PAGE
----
Speed limiting technology looks set to become mandatory for all vehicles sold in Europe from 2022, after new rules were provisionally agreed by the EU.
The Department for Transport said the system would also apply in the UK, despite Brexit.
Campaigners welcomed the move, saying it would save thousands of lives.
Road safety charity Brake called it a “landmark day”, but the AA said “a little speed” helped with overtaking or joining motorways.
Safety measures approved by the European Commission included intelligent speed assistance (ISA), advanced emergency braking and lane-keeping technology.
The EU says the plan could help avoid 140,000 serious injuries by 2038 and aims ultimately to cut road deaths to zero by 2050.
EU Commissioner Elzbieta Bienkowska said: “Every year, 25,000 people lose their lives on our roads. The vast majority of these accidents are caused by human error.
“With the new advanced safety features that will become mandatory, we can have the same kind of impact as when safety belts were first introduced.”
What is speed limiting technology and how does it work?
Under the ISA system, cars receive information via GPS and a digital map, telling the vehicle what the speed limit is.
This can be combined with a video camera capable of recognising road signs.
The system can be overridden temporarily. If a car is overtaking a lorry on a motorway and enters a lower speed-limit area, the driver can push down hard on the accelerator to complete the manoeuvre.
The car will not brake automatically when the speed limit is reduced, but will give the driver a visual warning instead. It is the driver’s responsibility to obey the warning.
How soon will it become available?
It’s already coming into use. Ford, Mercedes-Benz, Peugeot-Citroen, Renault and Volvo already have models available with some of the ISA technology fitted.
However, BBC business correspondent Theo Leggett says there is concern over whether current technology is sufficiently advanced for the system to work effectively.
In particular, many cars already have a forward-facing camera, but there is a question mark over whether the sign-recognition technology is up to scratch.
Other approved safety features for European cars, vans, trucks and buses include technology which provides a warning of driver drowsiness and distraction, such as when using a smartphone while driving, and a data recorder in case of an accident.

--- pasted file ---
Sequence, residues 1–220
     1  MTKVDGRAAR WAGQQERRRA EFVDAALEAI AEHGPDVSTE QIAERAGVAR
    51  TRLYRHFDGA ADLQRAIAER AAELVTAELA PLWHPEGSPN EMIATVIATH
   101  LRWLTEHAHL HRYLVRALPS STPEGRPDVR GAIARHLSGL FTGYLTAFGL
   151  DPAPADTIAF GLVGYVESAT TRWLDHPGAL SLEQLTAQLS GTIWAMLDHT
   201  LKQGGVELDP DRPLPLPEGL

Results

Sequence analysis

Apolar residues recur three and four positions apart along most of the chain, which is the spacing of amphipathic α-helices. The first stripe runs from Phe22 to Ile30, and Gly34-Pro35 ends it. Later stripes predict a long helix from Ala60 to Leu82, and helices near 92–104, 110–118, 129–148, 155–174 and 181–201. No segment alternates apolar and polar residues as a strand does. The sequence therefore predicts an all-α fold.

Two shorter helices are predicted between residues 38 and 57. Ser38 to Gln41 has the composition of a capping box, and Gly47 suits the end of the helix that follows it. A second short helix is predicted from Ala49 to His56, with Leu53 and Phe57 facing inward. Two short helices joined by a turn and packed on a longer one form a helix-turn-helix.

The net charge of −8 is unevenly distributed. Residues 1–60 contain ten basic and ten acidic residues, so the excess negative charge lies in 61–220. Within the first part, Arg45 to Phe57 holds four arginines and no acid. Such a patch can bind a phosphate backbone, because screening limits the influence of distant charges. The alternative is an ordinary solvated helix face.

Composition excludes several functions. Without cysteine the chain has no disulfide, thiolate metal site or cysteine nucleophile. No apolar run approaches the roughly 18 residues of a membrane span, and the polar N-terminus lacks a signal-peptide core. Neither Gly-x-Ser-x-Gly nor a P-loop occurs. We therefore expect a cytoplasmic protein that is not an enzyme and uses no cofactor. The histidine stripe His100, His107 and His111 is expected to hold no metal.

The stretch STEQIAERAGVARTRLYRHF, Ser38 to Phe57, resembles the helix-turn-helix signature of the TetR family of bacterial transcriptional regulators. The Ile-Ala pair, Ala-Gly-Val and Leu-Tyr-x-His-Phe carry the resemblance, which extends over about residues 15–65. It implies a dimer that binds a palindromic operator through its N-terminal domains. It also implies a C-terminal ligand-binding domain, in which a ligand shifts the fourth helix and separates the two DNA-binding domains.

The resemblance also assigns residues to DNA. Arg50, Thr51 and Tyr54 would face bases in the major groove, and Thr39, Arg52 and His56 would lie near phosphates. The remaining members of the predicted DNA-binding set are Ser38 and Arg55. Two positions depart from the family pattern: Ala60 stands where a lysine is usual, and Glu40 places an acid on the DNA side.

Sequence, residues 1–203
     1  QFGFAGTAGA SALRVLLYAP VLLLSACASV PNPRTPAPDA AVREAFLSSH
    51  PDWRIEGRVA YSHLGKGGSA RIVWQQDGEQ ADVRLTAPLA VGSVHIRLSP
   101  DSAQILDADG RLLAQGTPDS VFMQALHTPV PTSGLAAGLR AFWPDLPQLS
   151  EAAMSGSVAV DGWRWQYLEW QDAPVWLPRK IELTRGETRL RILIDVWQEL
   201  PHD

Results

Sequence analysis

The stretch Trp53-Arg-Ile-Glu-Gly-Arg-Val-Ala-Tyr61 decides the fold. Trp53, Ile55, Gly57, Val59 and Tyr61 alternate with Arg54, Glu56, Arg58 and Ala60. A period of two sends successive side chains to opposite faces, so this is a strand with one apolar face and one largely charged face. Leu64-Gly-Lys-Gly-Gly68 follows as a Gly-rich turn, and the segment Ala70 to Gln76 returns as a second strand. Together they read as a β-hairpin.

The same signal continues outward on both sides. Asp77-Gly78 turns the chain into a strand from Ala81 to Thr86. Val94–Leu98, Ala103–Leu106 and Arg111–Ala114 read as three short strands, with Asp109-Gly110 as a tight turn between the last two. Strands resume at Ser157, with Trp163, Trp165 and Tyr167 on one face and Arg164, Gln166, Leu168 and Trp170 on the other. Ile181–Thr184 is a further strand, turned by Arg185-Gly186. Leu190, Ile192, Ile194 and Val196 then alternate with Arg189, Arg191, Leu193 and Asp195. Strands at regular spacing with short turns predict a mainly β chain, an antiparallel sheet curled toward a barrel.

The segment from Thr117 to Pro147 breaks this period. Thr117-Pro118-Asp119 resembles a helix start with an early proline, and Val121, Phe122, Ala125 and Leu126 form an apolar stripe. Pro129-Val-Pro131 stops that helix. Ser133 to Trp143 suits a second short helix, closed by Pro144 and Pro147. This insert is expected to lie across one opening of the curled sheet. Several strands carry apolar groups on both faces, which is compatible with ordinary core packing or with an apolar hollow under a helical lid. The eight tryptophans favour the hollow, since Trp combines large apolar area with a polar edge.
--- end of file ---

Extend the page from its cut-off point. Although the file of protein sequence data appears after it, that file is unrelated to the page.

The new measures also include improvements to the direct vision of bus and truck drivers and the removal of blind spots.
How has the idea been received?
The move was welcomed by the European Transport Safety Council, an independent body which advises Brussels on transport safety matters.
But it said it could be several months before the European Parliament and Council formally approve the measures.
UK statistics show more than 1,700 people are killed on UK roads every year, while Brake says speed is a contributory factor in about a quarter of all fatal crashes.
Brake’s campaigns director, Joshua Harris, said: “This is a landmark day for road safety.
“These measures will provide the biggest leap forward for road safety this century.”
The UK’s Department for Transport said: “We continuously work with partners across the globe to improve the safety standards of all vehicles. These interventions are expected to deliver a step-change in road safety across Europe, including the UK.”
What do critics say?
The AA thinks the system might have the unintended consequence of making drivers more reckless, not less.
AA president Edmund King said there was no doubt that new in-car technology could save lives, adding there was “a good case” for autonomous emergency braking to be fitted in all cars.
“When it comes to intelligent speed adaptation, the case is not so clear,” he said. “The best speed limiter is the driver’s right foot.
“The right speed is often below the speed limit – for example, outside a school with children about – but with ISA, there may be a temptation to go at the top speed allowed.”
Mr King added: “Dodgem cars are all fitted with speed limiters, but they still seem to crash.”